(Pssst... I’m the bald guy.)

The only two consolations I will get from that heat are that I’ll be watching some of the best young softball players in the world compete right in front of me, and Shaun Lambert will be looking even more miserable than me as he meets me at the concession stand between games.

And I’ll look him right in the eye and ask, “Hot enough for you?”

Letters to the Editor

Letters to the Editor — July 28, 2017

Date Published: 
July 28, 2017

Reader responds to previous guest column

Editor:

In the July 14, 2017, guest column “Rescinding WOTUS rule is a step in the right direction,” Ms. Kitty Holtz of the Delaware Farm Bureau lauded U.S. EPA Administrator Scott Pruitt’s decision to rescind the waters of the U.S. (WOTUS) rulemaking designed to protect our nation’s water quality.

She wrote: “…the rule exceeds EPA’s statutory authority, imposes burdensome regulatory uncertainty, was promulgated in violation of mandatory procedural requirements designed to ensure a well-informed result, and is otherwise unlawful.” Informed citizens would dispute her statement.

Let’s leave legal issues aside and focus on Delaware’s, and particularly Sussex County’s, water quality, an issue of importance to our fisheries, recreational enjoyment, public health and the economy.

The … map taken from DNREC’s website shows that a staggering percentage of streams and rivers in Southern Delaware’s watersheds are impaired, a.k.a. polluted (e.g., from nutrient contamination), and therefore not supporting their designated uses, such as recreation, fishing or drinking. The map paints a bleak picture, particularly in Southeastern Delaware, with 100 percent impairment.

In 2016, the Delaware Center for the Inland Bays program wrote: “Agriculture is the largest land use in the watershed, and it contributes the most pollution through the unintentional loss of fertilizers to waters.”

Eight nutrient management restoration goals were established by the program. According to the report, since tracking began in 2005, “Only one of eight identified agricultural nutrient management control practices, a regulatory requirement to conduct nutrient management planning met its established goal.”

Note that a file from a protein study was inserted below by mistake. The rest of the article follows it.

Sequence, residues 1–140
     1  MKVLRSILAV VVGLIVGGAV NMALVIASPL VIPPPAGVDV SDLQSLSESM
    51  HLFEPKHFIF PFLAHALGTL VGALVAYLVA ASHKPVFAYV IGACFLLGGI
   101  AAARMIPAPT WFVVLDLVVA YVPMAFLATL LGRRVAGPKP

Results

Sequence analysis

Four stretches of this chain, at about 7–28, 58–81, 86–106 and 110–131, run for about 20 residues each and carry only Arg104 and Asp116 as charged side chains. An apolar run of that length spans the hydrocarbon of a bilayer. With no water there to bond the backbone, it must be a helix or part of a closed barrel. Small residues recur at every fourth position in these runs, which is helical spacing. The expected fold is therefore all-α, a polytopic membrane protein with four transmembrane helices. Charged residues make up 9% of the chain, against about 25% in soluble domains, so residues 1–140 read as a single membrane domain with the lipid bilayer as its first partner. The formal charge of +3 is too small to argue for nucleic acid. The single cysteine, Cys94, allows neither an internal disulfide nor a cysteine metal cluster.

In striking contrast, three of the eight goals made only 2 percent progress or less. One goal was to establish grassed buffers along 1,718 acres. Planting grass buffers along waterways is an easy and inexpensive method for reducing sediment and pollutant runoff. More than a decade has passed, and slightly more than 34 acres (2 percent) have been created. Thirty-five acres equals about .055 square miles. Check the decimal and the extremes: 100 percent impairment; 1 or 2 percent progress toward the goal.

The Chesapeake Bay Foundation and Choose Clean Water Coalition found Delaware to be “off track” in implementing grass buffers and responsible storage and handling of manure and chicken litter (though numbers may be underreported due to the voluntary nature of the program).

I appreciate that the agricultural industry has taken some steps toward controlling pollution. At the same time, I understand the water quality challenges presented by Sussex County’s rapidly growing residential and commercial sector. All need to do better to protect aquatic life, recreational opportunities and public health.